The Dismantling Renovation and Subsequent Re-erection at Ramsey Rural Museum
Darlow farm cottage, was situated at Darlow farm off the B660 approximately 3 miles from Ramsey St Mary’s and is a short walk from the Great Ravely Drain on the Holme Fen.
The cottage is a typical two-bedroom fen cottage. Built entirely of wood in the early 1930s, it had no running water, electricity or main drainage.
The water supply, from two rain water butts supplied water to the coal fired boiler in the kitchen, bath and hand basin in the small bathroom; and if these ran out it was a walk to the nearby drain to fill buckets. Heating was by coal fires in each room, and all cooking was done on a typical kitchen range of that period. The toilet was at the end of the garden.
Darlow cottage was the home of the Papworth family and where the late Marshall Papworth was born, a co-founder of Ramsey Rural Museum. His family lived there until after the war. Alfred Tungate, his wife Mabel and daughter Audrey also occupied it in 1954. Since the last occupants moved out, a number of years ago, the cottage has remained empty.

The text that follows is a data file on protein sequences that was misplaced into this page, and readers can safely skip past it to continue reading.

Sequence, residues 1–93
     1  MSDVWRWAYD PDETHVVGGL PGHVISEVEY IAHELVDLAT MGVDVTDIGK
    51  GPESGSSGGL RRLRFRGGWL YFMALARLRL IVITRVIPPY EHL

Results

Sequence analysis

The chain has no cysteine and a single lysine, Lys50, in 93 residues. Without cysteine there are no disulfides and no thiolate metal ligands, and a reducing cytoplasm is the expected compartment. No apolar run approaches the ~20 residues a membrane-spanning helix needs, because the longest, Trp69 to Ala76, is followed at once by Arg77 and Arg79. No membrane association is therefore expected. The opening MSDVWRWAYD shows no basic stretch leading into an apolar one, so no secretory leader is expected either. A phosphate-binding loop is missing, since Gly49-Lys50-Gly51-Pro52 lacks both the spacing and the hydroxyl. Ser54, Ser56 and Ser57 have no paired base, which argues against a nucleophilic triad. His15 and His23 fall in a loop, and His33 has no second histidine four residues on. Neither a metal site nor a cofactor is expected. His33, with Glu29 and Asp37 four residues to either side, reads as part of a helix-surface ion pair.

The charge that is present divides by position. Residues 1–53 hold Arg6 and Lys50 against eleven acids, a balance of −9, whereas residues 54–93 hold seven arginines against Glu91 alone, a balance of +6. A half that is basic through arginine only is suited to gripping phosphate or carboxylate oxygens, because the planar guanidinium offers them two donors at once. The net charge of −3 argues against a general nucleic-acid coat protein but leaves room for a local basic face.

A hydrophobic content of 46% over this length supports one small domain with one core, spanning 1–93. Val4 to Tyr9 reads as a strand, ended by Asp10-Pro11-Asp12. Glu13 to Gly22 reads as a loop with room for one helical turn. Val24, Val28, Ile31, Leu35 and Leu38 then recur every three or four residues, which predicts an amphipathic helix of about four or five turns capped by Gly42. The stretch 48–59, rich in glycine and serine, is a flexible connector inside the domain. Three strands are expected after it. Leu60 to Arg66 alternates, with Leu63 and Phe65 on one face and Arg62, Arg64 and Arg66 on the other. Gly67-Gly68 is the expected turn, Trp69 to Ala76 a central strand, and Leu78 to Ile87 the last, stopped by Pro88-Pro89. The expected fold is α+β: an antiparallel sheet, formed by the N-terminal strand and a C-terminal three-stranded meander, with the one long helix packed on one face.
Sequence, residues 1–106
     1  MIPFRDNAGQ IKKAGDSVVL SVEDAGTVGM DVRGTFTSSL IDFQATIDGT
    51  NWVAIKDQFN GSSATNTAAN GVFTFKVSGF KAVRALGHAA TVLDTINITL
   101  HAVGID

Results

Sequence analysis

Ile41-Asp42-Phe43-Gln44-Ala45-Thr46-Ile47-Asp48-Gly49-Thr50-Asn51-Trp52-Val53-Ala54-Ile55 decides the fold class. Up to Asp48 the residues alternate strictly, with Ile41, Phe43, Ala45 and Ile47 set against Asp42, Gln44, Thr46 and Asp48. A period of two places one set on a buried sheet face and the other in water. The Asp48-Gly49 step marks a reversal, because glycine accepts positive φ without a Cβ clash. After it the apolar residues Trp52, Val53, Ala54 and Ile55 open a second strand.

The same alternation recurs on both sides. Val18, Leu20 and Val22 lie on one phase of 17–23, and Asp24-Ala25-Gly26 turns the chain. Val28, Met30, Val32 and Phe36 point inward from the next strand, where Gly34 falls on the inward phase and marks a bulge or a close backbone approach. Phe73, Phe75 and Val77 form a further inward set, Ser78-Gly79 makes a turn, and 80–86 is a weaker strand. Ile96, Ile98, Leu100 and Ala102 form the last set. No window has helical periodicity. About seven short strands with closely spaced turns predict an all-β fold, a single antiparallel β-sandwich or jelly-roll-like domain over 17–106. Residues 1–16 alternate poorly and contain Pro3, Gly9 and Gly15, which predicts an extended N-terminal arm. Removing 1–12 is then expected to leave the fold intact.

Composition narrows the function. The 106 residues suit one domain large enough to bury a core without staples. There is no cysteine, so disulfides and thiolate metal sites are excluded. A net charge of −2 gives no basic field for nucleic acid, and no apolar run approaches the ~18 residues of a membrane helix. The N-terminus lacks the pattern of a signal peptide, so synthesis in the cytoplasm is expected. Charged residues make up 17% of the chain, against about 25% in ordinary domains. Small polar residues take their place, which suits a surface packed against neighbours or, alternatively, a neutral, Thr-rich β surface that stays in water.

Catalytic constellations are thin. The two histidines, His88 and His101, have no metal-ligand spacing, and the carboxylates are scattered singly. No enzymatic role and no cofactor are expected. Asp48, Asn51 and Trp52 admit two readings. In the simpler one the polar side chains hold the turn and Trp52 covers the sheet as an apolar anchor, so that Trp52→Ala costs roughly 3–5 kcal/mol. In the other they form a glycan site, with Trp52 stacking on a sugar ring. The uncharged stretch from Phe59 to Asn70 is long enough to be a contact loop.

In November 2005, it was realised that the cottage, which was still in reasonable condition despite years of non-occupancy, would be flooded when the Great Fen Project, got under way. Because of its history with Marshall Papworth, and his connection with the Museum, the great fen project offered the cottage to the Museum free of charge, providing they carried out the dismantling and transportation to the new site. This offer was eagerly accepted by the Museum and thanks to the generosity of Lord De Ramsey, who has provided extra land at the Museum; an area has been set aside to re-erect the cottage.
This has now been achieved with a lot of hard work and dedication from the volunteers. The rebuilding of the Cottage began in July 2011, when the footings and ground work were started, and finally finished in March 2012.
Visitors can now walk around the cottage and see all the rooms set out with authenticate 1940’s style furniture and fitments. In the garden at the back apple trees have been planted to form a hedge row. These were donated by the Huntingdon Council.
The Tungate Family
Alfred Tungate, his wife Mabel and daughter Audrey who occupied the Cottage in 1954.